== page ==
I know, I know, this can sound a bit overwhelming and like a lot of work to someone who is used to simply ordering whatever you need, whenever a new need arises. Just like any change, it requires adopting new habits, and that can feel intimidating at the start...just like recycling was for many of us back in the early days. It helps to develop three crucial tools you already have at your fingertips: your network, your imagination, and your knowledge. Some of these may be stronger than others, but with minimal effort and a bit of forethought, you can become an expert at wielding all three to help you achieve your goal of buying less.
Friends, family, co-workers, members of your faith community, neighbors (both those you already know in person and those you can connect with online) and professional service providers all constitute a vast network of available resources, but how often do you really utilize them in acquiring the goods you consume? Here are a few ways to tap into your network instead of filling up your Amazon shopping cart.
Using your creativity to identify possible alternative solutions to buying something new is a skill you can develop. Pinterest is my go-to place to start when I need to jumpstart my creative juices on just about anything. The more you peruse DIY magazines and sites, the easier it will be for you to recall ideas you’ve seen before. Again, ask your network to step in if you are stumped before you pull out your wallet and buy something new. Think of it as a challenge...a sort of game to make something out of nothing. Did you follow my 25 Days of Christmas Ornaments posts on Facebook back in December? All of the ornaments I made used materials from around my house. That was my rule for myself. Here are just a few ways to use your imagination to avoid making new purchases that will become second nature once you're in the habit of it:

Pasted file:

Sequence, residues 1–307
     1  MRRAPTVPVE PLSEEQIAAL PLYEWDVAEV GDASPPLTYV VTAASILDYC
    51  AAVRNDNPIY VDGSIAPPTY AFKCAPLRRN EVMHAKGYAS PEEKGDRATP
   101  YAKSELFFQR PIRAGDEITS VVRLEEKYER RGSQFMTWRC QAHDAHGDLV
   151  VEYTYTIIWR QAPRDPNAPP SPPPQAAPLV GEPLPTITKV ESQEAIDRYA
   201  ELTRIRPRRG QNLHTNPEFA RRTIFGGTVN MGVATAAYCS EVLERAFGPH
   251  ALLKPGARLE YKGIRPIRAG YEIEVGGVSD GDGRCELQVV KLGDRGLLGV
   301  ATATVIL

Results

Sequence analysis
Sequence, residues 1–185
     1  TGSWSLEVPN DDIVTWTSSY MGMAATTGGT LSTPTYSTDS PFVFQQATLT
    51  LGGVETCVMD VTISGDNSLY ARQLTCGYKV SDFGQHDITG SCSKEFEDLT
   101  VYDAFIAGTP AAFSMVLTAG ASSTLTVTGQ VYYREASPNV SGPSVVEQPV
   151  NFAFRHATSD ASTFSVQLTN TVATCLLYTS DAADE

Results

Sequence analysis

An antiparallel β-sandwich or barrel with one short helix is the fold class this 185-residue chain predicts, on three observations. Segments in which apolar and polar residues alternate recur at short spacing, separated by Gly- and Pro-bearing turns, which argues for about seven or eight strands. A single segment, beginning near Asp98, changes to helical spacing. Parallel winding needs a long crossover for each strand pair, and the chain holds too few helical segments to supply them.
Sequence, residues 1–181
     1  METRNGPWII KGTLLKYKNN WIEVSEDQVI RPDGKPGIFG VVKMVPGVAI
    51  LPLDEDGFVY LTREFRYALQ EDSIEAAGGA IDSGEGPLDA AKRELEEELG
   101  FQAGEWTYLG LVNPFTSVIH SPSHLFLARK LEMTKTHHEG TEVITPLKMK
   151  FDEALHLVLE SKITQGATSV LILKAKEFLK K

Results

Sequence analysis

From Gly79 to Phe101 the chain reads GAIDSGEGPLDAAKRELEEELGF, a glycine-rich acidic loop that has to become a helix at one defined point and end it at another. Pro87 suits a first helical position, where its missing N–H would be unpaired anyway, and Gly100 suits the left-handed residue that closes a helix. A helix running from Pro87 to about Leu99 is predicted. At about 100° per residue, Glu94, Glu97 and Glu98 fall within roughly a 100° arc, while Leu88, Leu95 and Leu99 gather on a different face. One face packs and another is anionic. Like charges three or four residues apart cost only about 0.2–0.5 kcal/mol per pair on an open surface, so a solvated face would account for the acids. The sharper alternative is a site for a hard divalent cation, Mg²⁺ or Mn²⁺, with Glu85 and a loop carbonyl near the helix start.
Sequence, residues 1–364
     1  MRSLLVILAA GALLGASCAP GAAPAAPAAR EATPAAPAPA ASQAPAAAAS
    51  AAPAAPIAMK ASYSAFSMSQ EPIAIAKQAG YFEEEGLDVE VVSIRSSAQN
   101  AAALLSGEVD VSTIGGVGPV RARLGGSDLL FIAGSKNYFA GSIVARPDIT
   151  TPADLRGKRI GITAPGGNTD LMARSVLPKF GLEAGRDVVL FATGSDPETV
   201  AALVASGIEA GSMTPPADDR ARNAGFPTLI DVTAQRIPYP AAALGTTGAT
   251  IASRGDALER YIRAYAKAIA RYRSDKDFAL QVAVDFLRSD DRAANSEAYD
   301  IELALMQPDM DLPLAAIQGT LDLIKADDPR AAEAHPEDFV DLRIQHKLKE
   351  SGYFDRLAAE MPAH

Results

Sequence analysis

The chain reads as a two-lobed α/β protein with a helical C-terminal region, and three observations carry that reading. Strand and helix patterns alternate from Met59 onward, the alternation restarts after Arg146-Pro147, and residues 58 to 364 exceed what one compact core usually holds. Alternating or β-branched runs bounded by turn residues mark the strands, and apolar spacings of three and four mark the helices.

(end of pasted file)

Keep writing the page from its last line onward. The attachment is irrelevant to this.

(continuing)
Obviously knowing how to make what you need yourself out of items you already have is one way your knowledge can help minimize your purchasing of new goods, as does knowing how to grow your own vegetables and bake your own bread. But knowing how/where to recycle, what is safe to reuse or re-purpose, and when to replace something is equally important. Fortunately, most of these answers can be found on the internet just as easily as finding a new product to buy. Your knowledge will accumulate over time with enough curiosity. Here are some ways more knowledge can result in fewer swipes of your credit card:
With a smidgeon of knowledge and creativity, along with a little help from your friends, even becoming a more intentional consumer can be easy peasy.
Don't miss out! Sign up to have each new EPL Blog post delivered to your inbox each week.
One of the most common questions I get is “What organizing tools should I buy to get started?” My answer is simple: “Nothing!”